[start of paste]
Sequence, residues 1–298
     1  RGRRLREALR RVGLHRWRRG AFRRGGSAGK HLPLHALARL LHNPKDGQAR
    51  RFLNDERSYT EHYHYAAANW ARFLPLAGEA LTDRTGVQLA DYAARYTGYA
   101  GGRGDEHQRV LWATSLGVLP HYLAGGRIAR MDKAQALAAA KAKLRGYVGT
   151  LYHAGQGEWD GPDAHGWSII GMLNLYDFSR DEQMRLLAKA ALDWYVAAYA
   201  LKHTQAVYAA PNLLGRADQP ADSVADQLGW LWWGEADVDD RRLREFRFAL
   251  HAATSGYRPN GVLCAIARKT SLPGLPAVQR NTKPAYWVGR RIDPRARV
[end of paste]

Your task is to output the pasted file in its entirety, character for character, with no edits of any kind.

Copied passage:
Sequence, residues 1–298
     1  RGRRLREALR RVGLHRWRRG AFRRGGSAGK HLPLHALARL LHNPKDGQAR
    51  RFLNDERSYT EHYHYAAANW ARFLPLAGEA LTDRTGVQLA DYAARYTGYA
   101  GGRGDEHQRV LWATSLGVLP HYLAGGRIAR MDKAQALAAA KAKLRGYVGT
   151  LYHAGQGEWD GPDAHGWSII GMLNLYDFSR DEQMRLLAKA ALDWYVAAYA
   201  LKHTQAVYAA PNLLGRADQP ADSVADQLGW LWWGEADVDD RRLREFRFAL
   251  HAATSGYRPN GVLCAIARKT SLPGLPAVQR NTKPAYWVGR RIDPRARV